Thursday, March 14, 2013 | 3:09 p.m.
- UFC 158 breakdown, betting odds and picks
- A detailed timeline of the feud between Georges St. Pierre and Nick Diaz
- Fed-up Nick Diaz rips into Georges St. Pierre verbally before UFC 158
- UFC 158: A glance at the Georges St. Pierre-headlined card on deck
- Georges St. Pierre explains why he's fighting Nick Diaz at UFC 158
- Athletic commission suspends Nick Diaz
- UFC coverage
- All MMA/boxing coverage
Say this much for Nick Diaz: In the rare instances when he does decide to show up for media functions, he makes it worth everyone’s while.
A day after skipping an open workout, Diaz arrived on time and participated in the UFC 158 pre-fight press conference Thursday at the Bell Centre. He apologized for the prior absence, but said working out for the cameras and granting a few interviews on Wednesday morning was impractical after landing in the hometown of opponent Georges St. Pierre Tuesday night.
“I recommend for any fighter, as I would for any of my students, to go ahead and sweat out some of that toxic water you’re holding from the airplane,” Diaz said. “It’s got to happen. You can’t be going to bed with that toxic (expletive) inside of you when you’ve got a fight in the next couple of days.”
Believe it or not, that piece of unorthodox wisdom might have been the least outlandish of Diaz’s comments. Diaz went on several more rants during a press conference that UFC President Dana White cut short at 25 minutes two days before he challenges for the welterweight title.
His recurring motif Thursday was that St. Pierre has sold “wolf tickets”, an arcane slang term meaning talk used to intimidate an opponent, leading up to their long-awaited bout. Diaz took particular offense to St. Pierre calling him a bully years ago.
Recounting the incident, Diaz glared at St. Pierre and rattled off some questions.
“How many times have you had a gun to your head, Georges?” Diaz asked. “How many of your best friends have been shot through the chest with a 45? Or how many of your best friends have been stomped, put to sleep into a coma? We’ve all had to deal with these things in life. How many kids put gum in your hair growing up? Should I go further back? We have to deal with these things. It’s hard times for everybody.”
Much like last week’s conference call, St. Pierre was stupefied. He tried to respond, but could only get a few thoughts in before Diaz cut him off.
“Are you crazy in your head, man?” St. Pierre countered. “You will see Saturday if you think I’m scared of you, man.”
Diaz insisted he didn’t think St. Pierre was scared, claiming he only once said otherwise in order to have a better chance securing a title shot. But it also goes the reverse: Diaz is in no way scared of St. Pierre either.
He recounted an incident from two years ago that showed his lack of concern for the champion. Diaz said he encountered St. Pierre at Mandalay Bay before one of his fights.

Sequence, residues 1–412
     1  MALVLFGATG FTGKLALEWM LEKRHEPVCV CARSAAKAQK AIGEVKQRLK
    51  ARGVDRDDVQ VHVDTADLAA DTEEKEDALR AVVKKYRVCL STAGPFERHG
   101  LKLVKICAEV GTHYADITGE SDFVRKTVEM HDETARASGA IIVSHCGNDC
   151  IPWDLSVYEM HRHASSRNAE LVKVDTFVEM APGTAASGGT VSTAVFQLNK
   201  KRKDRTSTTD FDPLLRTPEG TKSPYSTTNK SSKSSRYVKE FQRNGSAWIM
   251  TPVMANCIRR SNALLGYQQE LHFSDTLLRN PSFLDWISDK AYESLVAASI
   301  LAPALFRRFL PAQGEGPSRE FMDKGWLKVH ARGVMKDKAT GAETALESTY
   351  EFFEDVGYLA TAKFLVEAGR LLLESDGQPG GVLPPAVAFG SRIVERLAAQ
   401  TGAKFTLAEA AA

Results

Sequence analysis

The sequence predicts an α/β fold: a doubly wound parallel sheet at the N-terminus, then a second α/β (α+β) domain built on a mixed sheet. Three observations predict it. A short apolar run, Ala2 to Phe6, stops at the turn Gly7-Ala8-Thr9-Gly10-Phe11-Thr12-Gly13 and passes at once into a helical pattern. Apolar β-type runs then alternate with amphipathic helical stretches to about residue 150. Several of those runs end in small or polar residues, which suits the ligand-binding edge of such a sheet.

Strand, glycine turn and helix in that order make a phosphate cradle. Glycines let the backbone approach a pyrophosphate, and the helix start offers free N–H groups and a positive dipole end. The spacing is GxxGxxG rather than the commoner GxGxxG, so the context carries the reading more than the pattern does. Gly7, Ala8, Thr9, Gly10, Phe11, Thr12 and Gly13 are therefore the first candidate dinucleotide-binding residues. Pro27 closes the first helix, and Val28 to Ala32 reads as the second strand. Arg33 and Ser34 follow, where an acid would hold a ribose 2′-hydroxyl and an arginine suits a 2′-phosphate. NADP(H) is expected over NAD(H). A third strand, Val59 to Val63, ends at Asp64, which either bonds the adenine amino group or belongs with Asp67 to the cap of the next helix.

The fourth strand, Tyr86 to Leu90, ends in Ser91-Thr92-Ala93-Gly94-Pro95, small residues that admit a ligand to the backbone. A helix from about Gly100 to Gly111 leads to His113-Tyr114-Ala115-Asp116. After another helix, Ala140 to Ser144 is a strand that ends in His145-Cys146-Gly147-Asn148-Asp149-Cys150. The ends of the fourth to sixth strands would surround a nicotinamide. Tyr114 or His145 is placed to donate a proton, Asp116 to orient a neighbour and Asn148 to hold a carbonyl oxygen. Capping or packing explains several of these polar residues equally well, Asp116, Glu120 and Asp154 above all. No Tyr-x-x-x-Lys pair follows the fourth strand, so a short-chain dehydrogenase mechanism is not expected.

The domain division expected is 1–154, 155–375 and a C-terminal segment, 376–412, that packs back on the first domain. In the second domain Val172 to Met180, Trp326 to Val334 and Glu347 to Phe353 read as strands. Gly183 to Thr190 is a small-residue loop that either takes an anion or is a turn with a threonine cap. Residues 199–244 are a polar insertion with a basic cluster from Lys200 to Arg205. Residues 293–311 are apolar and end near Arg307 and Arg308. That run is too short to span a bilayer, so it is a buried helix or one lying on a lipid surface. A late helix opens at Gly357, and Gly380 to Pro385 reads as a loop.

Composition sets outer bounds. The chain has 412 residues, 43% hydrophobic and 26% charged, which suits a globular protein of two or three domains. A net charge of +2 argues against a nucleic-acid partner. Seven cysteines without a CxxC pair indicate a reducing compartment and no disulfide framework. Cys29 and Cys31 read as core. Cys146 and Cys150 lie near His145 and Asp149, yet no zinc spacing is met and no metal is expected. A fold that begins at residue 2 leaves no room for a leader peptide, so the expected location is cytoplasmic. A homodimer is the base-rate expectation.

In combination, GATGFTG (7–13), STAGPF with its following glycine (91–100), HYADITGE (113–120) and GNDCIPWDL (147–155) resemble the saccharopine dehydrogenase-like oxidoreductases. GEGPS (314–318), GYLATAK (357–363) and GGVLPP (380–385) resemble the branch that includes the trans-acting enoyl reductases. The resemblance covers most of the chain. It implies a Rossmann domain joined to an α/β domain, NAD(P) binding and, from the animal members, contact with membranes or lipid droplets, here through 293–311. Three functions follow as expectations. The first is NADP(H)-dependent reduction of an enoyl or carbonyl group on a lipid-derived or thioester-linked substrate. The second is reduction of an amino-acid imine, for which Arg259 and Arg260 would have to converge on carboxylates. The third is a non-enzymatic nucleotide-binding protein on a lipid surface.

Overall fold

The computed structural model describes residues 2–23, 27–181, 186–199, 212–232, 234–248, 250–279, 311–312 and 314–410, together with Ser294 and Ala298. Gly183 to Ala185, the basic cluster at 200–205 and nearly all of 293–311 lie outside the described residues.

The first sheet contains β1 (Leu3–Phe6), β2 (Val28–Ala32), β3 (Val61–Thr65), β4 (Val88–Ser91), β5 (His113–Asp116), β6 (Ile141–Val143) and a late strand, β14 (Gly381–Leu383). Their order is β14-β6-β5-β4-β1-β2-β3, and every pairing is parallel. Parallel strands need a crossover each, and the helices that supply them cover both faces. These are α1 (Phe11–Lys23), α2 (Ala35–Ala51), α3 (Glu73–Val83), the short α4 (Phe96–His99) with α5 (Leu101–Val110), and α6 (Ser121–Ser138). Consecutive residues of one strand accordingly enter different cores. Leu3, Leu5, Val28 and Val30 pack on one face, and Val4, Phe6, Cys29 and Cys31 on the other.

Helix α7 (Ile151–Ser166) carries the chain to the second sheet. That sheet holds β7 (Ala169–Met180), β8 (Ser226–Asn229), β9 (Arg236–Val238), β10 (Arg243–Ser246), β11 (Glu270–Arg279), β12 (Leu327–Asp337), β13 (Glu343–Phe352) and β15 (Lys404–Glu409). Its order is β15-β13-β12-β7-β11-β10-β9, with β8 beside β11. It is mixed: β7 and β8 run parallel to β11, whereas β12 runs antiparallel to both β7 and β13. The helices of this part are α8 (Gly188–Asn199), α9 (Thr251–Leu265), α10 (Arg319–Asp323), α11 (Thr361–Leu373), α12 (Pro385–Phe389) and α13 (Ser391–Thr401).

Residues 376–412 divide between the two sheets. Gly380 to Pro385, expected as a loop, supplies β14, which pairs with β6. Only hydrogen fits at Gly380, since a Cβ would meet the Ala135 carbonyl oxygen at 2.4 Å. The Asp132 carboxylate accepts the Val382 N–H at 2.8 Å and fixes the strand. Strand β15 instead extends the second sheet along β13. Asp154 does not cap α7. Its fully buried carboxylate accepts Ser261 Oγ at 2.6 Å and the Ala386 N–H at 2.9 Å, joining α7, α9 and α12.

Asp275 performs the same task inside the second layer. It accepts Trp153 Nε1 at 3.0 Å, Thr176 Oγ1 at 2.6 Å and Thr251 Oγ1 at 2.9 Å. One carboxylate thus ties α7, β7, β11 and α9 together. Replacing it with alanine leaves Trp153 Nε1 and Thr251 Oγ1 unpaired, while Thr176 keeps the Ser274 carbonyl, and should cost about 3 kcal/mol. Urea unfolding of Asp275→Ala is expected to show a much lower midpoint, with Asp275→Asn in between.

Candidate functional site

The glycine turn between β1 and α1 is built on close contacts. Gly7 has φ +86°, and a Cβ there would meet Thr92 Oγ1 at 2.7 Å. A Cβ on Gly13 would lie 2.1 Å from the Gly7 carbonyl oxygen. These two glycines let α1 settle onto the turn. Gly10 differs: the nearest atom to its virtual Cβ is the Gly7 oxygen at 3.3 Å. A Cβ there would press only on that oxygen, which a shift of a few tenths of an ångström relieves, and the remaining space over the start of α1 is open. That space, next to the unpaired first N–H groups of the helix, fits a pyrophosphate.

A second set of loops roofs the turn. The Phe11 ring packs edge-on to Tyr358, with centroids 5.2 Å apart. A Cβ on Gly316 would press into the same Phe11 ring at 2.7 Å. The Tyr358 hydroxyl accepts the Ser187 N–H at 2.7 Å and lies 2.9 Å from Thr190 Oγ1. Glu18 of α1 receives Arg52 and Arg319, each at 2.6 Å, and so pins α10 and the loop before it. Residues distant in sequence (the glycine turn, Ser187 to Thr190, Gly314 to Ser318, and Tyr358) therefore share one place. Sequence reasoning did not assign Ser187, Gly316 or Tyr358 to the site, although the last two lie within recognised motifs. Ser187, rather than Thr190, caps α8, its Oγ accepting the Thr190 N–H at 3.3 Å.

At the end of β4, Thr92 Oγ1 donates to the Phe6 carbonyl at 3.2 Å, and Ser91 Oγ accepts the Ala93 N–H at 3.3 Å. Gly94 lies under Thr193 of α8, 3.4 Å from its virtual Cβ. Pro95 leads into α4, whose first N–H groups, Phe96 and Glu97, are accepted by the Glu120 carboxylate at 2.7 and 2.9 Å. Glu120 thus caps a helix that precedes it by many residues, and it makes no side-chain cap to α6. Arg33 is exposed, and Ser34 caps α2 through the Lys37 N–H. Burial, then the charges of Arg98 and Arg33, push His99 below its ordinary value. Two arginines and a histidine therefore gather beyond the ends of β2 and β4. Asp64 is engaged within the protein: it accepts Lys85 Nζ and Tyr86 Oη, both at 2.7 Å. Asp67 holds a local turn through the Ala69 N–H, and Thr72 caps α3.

“I don’t think he had any business being there, on my side of the hotel and out in the lobby,” Diaz said. “I’m going to be working there, I’m going to be in and out for any number of reasons. I guess he was coming out of the elevator or something and I stood my ground. He’s going to try to walk through me and he’s not going to walk through me. I’m going to stand there with a hard look on my face and he’s going to edge himself through the wall to get by.”
Agree or disagree with the things Diaz says, he feels like he answers every question more honestly than any other fighter — perhaps even when he shouldn’t. Diaz made White cringe when he responded to an inquiry about coming off of a marijuana suspension and if the drug would be an issue at UFC 158.
“I’m sorry if I don’t pass the test, but I think it should work out,” Diaz said. “I passed plenty of them before unless they just weren’t testing me. I wonder how much they test people around here.”
How is St. Pierre really handling all of this?
St. Pierre tried to reason with Diaz on a couple other occasions before getting too frustrated and eventually giving up.
“I’ve never seen Georges like this before,” White said. “Today, he was short. He was testy. It’s just weird. This fight has Georges different.”
White was able to shed more insight on St. Pierre’s mentality than the champion himself. White thinks Diaz’s ramblings are getting to St. Pierre more than he lets on.
St. Pierre’s goal, according to White, is to beat Diaz up so badly that he retires. But if St. Pierre comes with a wild approach, it’s expected to favor Diaz.
St. Pierre excels in technical matches, while Diaz is an all-out brawler.
“I actually think, as crazy as Nick Diaz’s rants are, there is some strategy in there,” White said.
One more win and the wait is over for Johny Hendricks
In between the never-ending main-event drama, White dropped some major news.
White said Johny Hendricks would next fight for the welterweight title if he defeated Carlos Condit in the co-main event of UFC 158 Saturday night.
“The guy who comes out of this fight the winner is definitely the No. 1 contender,” White said.
White later clarified that the stipulation only applied to Hendricks and not Condit, who just lost to St. Pierre less than five months ago. He couldn’t correct his mistake in the moment because, as was the theme, Diaz interrupted with more words for St. Pierre.
Hendricks was probably one of the only people in the room to not enjoy Diaz’s attacks. Based on fighting, Diaz has what should rightfully belong to Hendricks.
The former All-American wrestler at Oklahoma State is ranked as the No. 1 welterweight in the world after winning five in a row, but got surpassed by Diaz for the opportunity to face St. Pierre. Hendricks wasn’t dwelling Thursday, however, especially not after hearing the top-contender confirmation.
“That’s what I was hoping for,” Hendricks said. “One more fight to get better and to also face another top opponent. If I get a win over him, it’s awesome.”